Successful Road Tripping with a Newborn

Does the idea of packing an infant into a fast-moving metal object for a six-hour stretch on a noisy highway fill you with dread? Well, then you’re probably a reasonable human—but PSP members have tips to help you make the drive and come out the other side.


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Pack light but mindfully:

“Pack the bare minimum of things you need and consolidate your stuff into as few bags as you can.”

"Pack a separate small bag for baby (like a backpack or large tote bag) and fill it with clothes, burp cloths, a couple blankets, extra diapers & wipes, and a portable changing pad. Keep this stuff within easy reach in case you need to do an outfit change on the road."

"Keep a full roll of paper towels, at least 1 full pack of wipes, and a gallon jug of water in the back seat. We ended up having to clean up a giant blowout in a random parking lot somewhere in south Jersey, off that weird stretch of 95 where there are no exits or rest stops for miles. Having all these supplies on hand made the cleanup process a lot easier. A horrifying experience in the moment, but one we look back on and laugh about.”

“Here's my one sort-of creative tip: Use a cloth diaper cover (not the cloth diaper, the waterproof cover that goes over a cloth diaper) in addition to a disposable diaper to prevent blowouts. We're cloth diaper folks, but used disposables on the road and put a cover over them. Not even a hint of a leak! My favourite covers are from Esembly (a spin-out of Diaperkind, the Brooklyn diaper service) and Thirsties. Get two, in case you get a leak in one.”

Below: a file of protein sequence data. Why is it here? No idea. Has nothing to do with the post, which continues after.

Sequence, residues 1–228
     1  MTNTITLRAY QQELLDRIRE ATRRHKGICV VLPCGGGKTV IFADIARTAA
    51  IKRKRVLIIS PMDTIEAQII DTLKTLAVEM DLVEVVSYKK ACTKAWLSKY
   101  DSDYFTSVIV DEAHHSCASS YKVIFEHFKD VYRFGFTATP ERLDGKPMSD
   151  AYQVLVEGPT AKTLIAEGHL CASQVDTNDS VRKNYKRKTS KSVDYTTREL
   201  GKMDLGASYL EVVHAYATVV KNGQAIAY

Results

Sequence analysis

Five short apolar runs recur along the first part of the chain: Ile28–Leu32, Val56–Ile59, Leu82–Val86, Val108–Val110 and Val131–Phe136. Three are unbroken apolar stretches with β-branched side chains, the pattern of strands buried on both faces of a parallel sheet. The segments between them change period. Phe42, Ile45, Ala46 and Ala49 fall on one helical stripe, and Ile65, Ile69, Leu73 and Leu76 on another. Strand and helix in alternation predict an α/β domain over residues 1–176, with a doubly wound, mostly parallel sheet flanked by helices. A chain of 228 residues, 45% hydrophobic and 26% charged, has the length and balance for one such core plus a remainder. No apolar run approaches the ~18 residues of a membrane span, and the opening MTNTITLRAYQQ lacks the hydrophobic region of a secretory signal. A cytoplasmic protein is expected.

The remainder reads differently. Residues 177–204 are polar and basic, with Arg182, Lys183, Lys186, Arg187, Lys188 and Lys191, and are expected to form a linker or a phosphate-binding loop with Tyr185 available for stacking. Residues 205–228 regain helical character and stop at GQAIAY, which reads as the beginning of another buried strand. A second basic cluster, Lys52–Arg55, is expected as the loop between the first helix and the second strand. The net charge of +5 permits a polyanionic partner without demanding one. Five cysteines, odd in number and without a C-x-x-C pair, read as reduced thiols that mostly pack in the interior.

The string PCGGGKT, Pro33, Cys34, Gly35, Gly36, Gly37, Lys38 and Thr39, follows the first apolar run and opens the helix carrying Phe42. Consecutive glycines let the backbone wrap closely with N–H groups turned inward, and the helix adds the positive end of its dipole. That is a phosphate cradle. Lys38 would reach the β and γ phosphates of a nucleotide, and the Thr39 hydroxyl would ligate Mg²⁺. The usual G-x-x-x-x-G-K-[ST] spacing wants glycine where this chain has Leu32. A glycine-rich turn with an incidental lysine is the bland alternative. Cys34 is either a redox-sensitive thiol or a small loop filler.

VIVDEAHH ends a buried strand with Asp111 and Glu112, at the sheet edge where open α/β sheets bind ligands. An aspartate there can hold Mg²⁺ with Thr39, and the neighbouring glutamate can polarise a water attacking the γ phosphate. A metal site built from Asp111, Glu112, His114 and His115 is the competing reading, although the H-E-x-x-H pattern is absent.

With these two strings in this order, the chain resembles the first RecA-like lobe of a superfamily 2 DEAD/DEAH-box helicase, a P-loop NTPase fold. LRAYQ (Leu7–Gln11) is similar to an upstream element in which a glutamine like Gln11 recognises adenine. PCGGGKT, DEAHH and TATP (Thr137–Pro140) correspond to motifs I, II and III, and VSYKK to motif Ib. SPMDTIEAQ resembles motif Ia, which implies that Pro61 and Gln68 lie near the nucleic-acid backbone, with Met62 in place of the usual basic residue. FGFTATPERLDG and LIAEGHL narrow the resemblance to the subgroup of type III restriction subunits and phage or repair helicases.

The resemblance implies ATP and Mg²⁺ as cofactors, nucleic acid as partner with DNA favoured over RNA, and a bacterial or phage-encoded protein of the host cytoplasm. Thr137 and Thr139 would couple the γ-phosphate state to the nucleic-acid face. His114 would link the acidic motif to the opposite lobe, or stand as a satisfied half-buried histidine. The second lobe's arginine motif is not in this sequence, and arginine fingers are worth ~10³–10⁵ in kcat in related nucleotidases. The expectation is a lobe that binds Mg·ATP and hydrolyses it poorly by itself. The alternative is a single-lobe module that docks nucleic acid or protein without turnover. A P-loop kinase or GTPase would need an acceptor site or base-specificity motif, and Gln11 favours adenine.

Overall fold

“I would add that you should have an easily accessible spare outfit for yourself as well (having spent a couple of hours in a car covered in my son’s throw up...). I’d also add an actual towel to the list of clean up supplies (again sometimes paper doesn’t cut it).”


Leave plenty of time:

“Assume your trip will take at least 2 hours longer than driving without a newborn, and - totally stating the obvious but we missed the boat on this the first time- time your trip to avoid rush hour traffic.”

“I second all of these, particularly the ‘it will take 1- 2 hours more than you thought’ - that’s held true for all long drives with kids, even as they get a bit older.”

“Take your time! Longer stops, splitting up days, etc., will probably benefit your sanity in the end!”


Be flexible with feeding schedules: